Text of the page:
The banking problems of 1930-33 disrupted the credit allocation process by creating large, unplanned changes in the channels of credit flow. … {This} plus the actual failures, forced a contraction of the banking system’s role in the intermediation of credit. … experience does not seem to be inconsistent with the point that even good borrowers may find it more difficult or costly to obtain credit when there is extensive insolvency. The debt crisis should be added to the banking crisis as a potential source of disruption of the credit system. … The effects of this credit squeeze on aggregate demand helped convert the severe but not unprecedented downturn of 1929-30 into a protracted depression.

    — ”Nonmonetary Effects of the Financial Crisis in Propagation of the Great Depression”, American Economic Review, June 1983.

    In other words, financial distress impairs the process of credit intermediation, and a credit contraction in turn depresses aggregate demand.

    Testimony to the Senate Budget Committee hearing on The Global Economy: Outlook, Risks and the Implications for Policy

    http://baselinescenario.files.wordpress.com/2009/01/global-economic-forecast-for-senate-budget-committee-jan-28-2008-final.pdf

    http://www.senate.gov/fplayers/CommPlayer/commFlashPlayer.cfm?fn=budget012909&st=435

    The Likely Future of the Eurozone by Simon Johnson MIT, Peterson Institute for International Economics, and NBER

    http://baselinescenario.files.wordpress.com/2009/01/the-likely-future-of-the-eurozone-jan-5-2008.pdf

  • What does bank-recapitalization look like? Funneling money to the same old boys who caused this mess in the first place, which is happening right now anyway or, a more “invasive procedure”? Shall we finally use the N-word, Nationalization? Do you believe we have enough brains and integrity in Europe to really supervise the financial sector? (Not trying to be provocative here, but I have such doubts right now)

  • Soros is 100% on target:

    COPENHAGEN | Mon Apr 16, 2012 4:44pm EDT

    COPENHAGEN (Reuters) – Billionaire George Soros warned on Monday that the euro crisis is growing deeper, tearing at the fabric of European Union cohesion, because policymakers are prescribing the wrong remedies.

    “I’m afraid that the euro crisis is getting worse. It’s not over yet, and it is going in the wrong direction,” Soros said in discussion with Denmark’s economics minister hosted by the daily newspaper Politiken.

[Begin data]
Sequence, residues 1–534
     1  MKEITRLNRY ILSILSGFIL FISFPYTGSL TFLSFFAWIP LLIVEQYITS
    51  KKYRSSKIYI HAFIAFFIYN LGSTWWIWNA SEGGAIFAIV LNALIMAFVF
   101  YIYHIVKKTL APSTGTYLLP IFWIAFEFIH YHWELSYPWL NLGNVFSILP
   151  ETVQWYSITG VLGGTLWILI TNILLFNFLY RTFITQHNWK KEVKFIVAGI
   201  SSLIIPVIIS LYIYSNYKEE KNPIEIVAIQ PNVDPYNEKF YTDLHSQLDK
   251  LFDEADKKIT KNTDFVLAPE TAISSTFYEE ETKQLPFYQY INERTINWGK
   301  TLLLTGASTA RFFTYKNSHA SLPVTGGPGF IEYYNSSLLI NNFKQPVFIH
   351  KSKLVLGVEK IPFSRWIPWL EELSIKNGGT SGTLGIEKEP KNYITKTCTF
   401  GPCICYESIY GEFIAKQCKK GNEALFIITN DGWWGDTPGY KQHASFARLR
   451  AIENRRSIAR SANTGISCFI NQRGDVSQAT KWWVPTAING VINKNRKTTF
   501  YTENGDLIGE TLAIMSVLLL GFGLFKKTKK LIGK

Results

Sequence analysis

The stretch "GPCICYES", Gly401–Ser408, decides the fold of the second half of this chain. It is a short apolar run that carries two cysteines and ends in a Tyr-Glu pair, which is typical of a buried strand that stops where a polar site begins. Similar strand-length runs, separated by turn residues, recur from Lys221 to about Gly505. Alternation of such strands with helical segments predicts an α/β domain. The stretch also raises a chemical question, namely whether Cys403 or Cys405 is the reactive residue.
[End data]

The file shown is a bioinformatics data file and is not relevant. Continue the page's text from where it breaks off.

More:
“The euro is undermining the political cohesion of the European Union, and if it continues like that could even destroy the European Union,” Soros said. “That is due to a misunderstanding of what the problem is.”

    Soros, the Hungarian born U.S. investor, said that the creators of the single European currency believed that imbalances were created in the public sector without understanding that markets themselves can create imbalances.

    He said the euro crisis is being dealt with by policymakers as a fiscal crisis though the crisis began as a collapse of the banking system in the United States and was compounded by a divergence of competitiveness among European countries.

    He said that failure to deal with the crisis was creating tremendous tensions because people, who see that policy is failing, are driven into anti-European positions and dissent is growing within and between the countries of Europe.

    “It could be reversed at any time if only the authorities understood that the box is broken and you need to find some out-of-the-box invention to bring it back inside the box and then put it right, change the rules of cohesion,” he said.

    Soros said the crux of the problem was that debt reduction was coming at a bad time for the European economy. “You can grow out of excessive debt, you cannot shrink out of excessive debt.”